The results still hadn’t come back by the afternoon of Dec. 10, when Lindblom and the Flyers flew to Colorado to begin a three-game road trip. It wouldn’t take much longer. Upon checking into his room at the hotel, Lindblom received a call to come down to the lobby. Stepping off the elevator, he was met by the Flyers’ director of medical services, Jim McCrossin, and defenseman Robert Hagg, his closest friend on the team. His face paled. “I understood right away that it wasn’t something good,” he says.


From there the trio decamped to coach Alain Vigneault’s room, where McCrossin proceeded to break the news that he had just received from Lindblom’s doctors at the University of Pennsylvania, and subsequently passed along to Hagg and Vigneault: According to the biopsy, the lump protruding from his ribs was cancerous. “After that, I don’t know that there was a dry eye in the room,” McCrossin says.

With the doctors’ approval, Vigneault offered that Lindblom could remain on the road trip for a few more days if he wanted to be close to his teammates. But Lindblom elected to fly home the next morning, ordering room service and staying up late with Hagg as the friends attempted to process what they’d heard. “That big smile disappeared for a while,” Hagg says. “I could see in his eyes. Everything was empty. He was going to Colorado to play a hockey game and life was normal and everything changed in a couple seconds. We tried to talk about it, but we didn’t know exactly what type of cancer it was, or what the next steps were going to be. I tried to stay positive. That’s the only thing you can do.

“And after a while, he seemed positive too. He just found out half an hour ago that he had cancer, and we were still half-joking with each other. I guess that’s how he is.”

Back in Philly, Lindblom met with Simeral and Dr. Lee Hartner, clinical director of sarcoma medical oncology at Pennsylvania Hospital, who spelled out the finer details of his condition. That Ewing’s sarcoma is most prevalent among children yet only affects 1 in 1 million people in the U.S. per year overall. That it most often originates in long bones in the legs, or in the pelvis, and not in the chest cavity as it did with him. That the survival rate for cases such as Lindblom, whose cancer hasn’t metastasized and whose treatment involves some combination of surgery, chemotherapy and radiation, hovers around 80%.

“We found it early, so it was all good, positive news,” Lindblom says. “They told me that they should be able to take the tumor away, and that hopefully my body responds well to chemo and it should be good to go after these six months.” Even so, his mind raced. “My first thought was, Can I play hockey anymore? I don’t know if I can do anything else. That’s my thing. But then I realized, this is probably not about hockey anymore. I’ll just be happy if I can live like a normal person afterwards.”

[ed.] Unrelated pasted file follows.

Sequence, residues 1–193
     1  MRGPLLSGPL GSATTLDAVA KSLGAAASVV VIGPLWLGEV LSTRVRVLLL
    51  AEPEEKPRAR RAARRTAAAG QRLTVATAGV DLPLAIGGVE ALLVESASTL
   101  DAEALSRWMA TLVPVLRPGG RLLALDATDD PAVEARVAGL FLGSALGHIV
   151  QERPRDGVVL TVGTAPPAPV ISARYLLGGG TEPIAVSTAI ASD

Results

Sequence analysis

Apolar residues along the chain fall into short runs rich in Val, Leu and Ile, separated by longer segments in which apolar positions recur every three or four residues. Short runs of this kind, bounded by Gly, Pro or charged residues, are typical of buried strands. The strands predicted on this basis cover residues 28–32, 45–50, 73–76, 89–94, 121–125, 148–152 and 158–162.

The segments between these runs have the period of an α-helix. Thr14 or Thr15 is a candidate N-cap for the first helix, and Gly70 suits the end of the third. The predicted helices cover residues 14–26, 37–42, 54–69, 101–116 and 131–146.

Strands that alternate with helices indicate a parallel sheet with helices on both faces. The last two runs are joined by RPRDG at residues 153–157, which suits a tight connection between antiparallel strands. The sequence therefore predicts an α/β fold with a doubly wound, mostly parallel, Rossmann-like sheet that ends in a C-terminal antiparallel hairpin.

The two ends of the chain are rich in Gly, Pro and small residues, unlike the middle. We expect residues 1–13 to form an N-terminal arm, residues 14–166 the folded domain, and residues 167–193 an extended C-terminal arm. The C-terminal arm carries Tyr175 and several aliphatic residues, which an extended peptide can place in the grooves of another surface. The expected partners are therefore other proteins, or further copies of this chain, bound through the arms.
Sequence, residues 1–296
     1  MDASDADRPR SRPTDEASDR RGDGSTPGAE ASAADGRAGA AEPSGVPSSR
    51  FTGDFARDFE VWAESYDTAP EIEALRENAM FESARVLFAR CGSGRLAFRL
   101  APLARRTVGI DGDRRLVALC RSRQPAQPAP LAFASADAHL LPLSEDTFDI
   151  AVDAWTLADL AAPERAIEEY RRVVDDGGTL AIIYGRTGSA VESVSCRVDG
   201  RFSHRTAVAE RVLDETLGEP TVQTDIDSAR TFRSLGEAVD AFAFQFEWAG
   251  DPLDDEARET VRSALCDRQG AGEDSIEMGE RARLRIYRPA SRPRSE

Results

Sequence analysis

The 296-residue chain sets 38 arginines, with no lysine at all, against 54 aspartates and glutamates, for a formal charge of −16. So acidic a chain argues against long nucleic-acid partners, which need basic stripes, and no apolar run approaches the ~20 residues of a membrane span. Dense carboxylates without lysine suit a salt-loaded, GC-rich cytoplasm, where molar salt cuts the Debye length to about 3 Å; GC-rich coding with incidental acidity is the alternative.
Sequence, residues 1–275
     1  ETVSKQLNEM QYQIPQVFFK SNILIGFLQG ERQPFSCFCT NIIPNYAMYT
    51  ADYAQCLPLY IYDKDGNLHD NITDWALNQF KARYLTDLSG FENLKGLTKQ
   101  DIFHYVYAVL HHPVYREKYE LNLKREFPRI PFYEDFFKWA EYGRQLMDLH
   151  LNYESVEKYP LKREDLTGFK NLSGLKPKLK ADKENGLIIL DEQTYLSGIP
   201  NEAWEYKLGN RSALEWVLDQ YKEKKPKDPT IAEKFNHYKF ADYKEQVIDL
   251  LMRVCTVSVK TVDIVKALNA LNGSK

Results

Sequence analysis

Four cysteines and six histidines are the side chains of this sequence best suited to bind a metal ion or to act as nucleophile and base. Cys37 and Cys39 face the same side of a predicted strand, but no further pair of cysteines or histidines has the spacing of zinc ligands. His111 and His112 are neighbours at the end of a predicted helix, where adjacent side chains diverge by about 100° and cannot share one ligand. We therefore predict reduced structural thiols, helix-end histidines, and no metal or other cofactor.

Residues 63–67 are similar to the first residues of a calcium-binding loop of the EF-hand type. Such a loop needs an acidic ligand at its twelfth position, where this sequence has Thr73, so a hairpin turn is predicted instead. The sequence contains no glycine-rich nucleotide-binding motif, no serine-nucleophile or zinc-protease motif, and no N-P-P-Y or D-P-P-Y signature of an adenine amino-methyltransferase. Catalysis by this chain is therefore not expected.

With his first chemotherapy appointment scheduled just before the New Year, Lindblom had a few weeks to prepare himself for the fight ahead. He donated sperm to guard against the treatment’s potential side effects on male fertility, as he and Alma plan to have kids. A port device was implanted and sutured into his chest, ultimately to help administer the five-drug cocktail of his standard Ewing’s regimen.

The wait was plenty unwelcome at times, worsened by the fact that he wasn’t able to join his teammates on the ice. But Lindblom drew energy from a few scenes of familiar comforts. One came when the Flyers returned home in mid-December, winless and outscored 14-5 on the Colorado trip, and Lindblom visited the team at its morning skate. It was the first time that all but a few players had seen him since the diagnosis. "I was just happy to be there and watch and talk to them," he says. That night, Philadelphia routed Anaheim to spark a four-game winning streak. "I couldn’t play hockey on that whole trip. I was on another planet, it felt like," Hagg says. "But after a few days, I realized that Oskar wanted us to keep going, to keep fighting."

Another came when Lindblom returned to Gävle for Christmas, the first time in years that he had been able to do so during the hockey season. Crowded around a big table at his grandparents’ house alongside some 30 relatives, he sipped beers and chowed down on a full spread of “classic meatballs, sausages, Swedish smörgåsbord, all kinds of fish…” Plenty of family and friends had questions about his cancer, and Lindblom didn’t mind sharing how he was feeling. But mostly it didn’t cross his mind.

“Just talking to everyone, having fun, I felt good,” he says. “Talking it all in, I was happy. Even though I knew I was going to go through hell with the chemo.”


Asked to pinpoint his toughest moment over the past six months, Lindblom cites the physical drain of his first treatment. “It didn’t expect it at all, how bad I would feel afterwards,” he says. “I couldn’t see the end of it. Knowing it’s going to take that long, feeling that bad, that was probably the worst part.”